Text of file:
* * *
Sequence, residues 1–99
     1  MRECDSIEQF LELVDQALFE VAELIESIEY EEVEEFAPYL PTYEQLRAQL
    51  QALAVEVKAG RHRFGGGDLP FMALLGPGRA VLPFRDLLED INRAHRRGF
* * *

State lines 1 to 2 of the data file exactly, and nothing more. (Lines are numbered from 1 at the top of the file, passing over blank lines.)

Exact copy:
Sequence, residues 1–99
     1  MRECDSIEQF LELVDQALFE VAELIESIEY EEVEEFAPYL PTYEQLRAQL